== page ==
In her more recent works, of the series Ao pé do olhar, Marta started from self-produced photographs. The characters are young women, looking between 18 and 25 years of age. Almost all of them blunt to be sharing confessions, secrets, moments of leisure and intimacy. They share these experiences among them, and also do it with us. We feel that we can hear their whispering, giggling, feel the freshness that strokes their skin... In most of the works, we cannot see their faces; if much, suggested profiles. This absence of a defined face, of a specific identity, even if it were fictional, invites us to project whatever face onto these figures, including our own. Once again, thus, we build an image and are by it built.
The formal treatment applied, on its turn, derives from Cruzamento dos Tempos: the unusual cutouts, the large dimensions and the use of black and white were preserved, which assigns the compositions a retro look, by using also certain epoch accessories. An extra feature, however, lies in the framing proposed: the photos were generally taken from the floor plan up. Such angle was worked out by Marta for the first time in the set of aquarelles belonging to the same series, exhibited in Portugal last year, and unedited in Brazil. As the title itself suggests, the images play all the time with a look that is taken from the feet up the body, ipsis litteris. Exploring large paper surfaces, the artist reveals scenes with groups, emphasizing body expressions and attesting the manifested conception of “body language”.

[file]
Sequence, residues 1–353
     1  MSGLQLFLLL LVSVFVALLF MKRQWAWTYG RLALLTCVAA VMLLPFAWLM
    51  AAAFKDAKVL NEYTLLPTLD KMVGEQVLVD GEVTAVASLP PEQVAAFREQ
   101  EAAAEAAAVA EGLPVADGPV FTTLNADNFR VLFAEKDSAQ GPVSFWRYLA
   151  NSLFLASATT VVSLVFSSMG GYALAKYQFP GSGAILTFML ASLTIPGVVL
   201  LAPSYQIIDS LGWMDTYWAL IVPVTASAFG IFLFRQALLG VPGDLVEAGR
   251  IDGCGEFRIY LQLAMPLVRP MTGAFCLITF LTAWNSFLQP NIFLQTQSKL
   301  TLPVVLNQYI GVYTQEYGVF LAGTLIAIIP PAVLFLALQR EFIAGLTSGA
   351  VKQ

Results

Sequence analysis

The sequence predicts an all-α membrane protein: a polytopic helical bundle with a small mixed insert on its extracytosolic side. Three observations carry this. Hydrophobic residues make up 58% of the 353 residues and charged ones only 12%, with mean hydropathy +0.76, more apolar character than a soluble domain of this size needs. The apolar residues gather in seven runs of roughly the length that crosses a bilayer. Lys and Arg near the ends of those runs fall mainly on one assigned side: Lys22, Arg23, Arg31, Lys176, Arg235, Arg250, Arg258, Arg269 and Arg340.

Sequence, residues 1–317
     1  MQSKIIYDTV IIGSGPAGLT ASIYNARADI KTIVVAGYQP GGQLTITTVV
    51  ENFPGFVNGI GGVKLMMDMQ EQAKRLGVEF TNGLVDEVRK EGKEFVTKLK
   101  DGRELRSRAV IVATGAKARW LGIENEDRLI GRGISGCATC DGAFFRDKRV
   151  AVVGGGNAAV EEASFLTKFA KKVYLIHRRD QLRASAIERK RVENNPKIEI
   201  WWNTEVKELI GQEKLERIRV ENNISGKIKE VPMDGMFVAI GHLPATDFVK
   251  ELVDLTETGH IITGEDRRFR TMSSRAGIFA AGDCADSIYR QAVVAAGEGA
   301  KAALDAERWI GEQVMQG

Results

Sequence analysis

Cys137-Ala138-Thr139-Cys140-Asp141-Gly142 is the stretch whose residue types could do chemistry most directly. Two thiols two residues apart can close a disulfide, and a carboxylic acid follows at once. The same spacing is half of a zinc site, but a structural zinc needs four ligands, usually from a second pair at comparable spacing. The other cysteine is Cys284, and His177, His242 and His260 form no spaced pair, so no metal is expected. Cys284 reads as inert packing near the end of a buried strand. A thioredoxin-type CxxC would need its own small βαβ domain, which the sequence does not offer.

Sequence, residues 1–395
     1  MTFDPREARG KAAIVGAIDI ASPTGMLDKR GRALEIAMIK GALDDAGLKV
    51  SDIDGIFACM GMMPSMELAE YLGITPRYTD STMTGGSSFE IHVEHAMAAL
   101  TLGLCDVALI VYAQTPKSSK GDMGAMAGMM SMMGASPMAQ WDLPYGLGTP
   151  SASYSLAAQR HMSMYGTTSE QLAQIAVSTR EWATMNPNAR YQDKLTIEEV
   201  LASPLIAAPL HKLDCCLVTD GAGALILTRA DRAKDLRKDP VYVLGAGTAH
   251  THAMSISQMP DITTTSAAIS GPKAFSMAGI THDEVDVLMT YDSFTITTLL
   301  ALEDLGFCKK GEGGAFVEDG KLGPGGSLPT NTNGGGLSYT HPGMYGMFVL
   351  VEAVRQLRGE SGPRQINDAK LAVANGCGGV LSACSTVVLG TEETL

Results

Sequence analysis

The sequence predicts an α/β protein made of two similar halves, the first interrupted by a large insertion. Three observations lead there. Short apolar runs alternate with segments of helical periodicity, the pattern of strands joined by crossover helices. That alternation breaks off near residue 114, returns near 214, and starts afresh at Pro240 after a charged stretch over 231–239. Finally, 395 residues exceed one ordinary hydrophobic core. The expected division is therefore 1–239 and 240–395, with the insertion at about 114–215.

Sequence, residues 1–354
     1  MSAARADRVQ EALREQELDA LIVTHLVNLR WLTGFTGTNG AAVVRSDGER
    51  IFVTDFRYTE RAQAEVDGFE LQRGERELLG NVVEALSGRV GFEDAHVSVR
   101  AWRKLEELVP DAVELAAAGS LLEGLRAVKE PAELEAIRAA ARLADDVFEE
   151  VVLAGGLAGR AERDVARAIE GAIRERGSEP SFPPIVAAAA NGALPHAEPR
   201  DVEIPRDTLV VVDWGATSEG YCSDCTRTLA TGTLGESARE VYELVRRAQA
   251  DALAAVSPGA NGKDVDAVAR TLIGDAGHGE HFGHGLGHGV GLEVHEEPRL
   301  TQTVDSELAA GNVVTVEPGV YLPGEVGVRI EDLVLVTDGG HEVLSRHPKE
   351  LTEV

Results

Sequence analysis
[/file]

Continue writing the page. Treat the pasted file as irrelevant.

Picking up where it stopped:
The adolescents represented by her did pose, but not in the sense of an orchestrated or defined movement. Being friends, they were asked to interact in natural fashion, trying to forget that Marta was there, documenting the most fortuitous situations. Spontaneity prevailed, and this is what seduces us in an undeniable way. Amidst plain sandals and v-shaped skirts, the heat that raises from the contrasts between lights and shadows, these young ladies are depicted in cheerful joy, indifferent to the photographer whose point is to record the movement of their legs, the swing of their skirts, the intimacy of their panties. They might be chatting, or even laughing about something, watching the waves break on the seashore. Passages that have nothing sensorial or spectacular to them. There is no narrative, any story being told. Except for the record of a peaceful fugacious moment that the spectator, transformed into a voyeur, sees.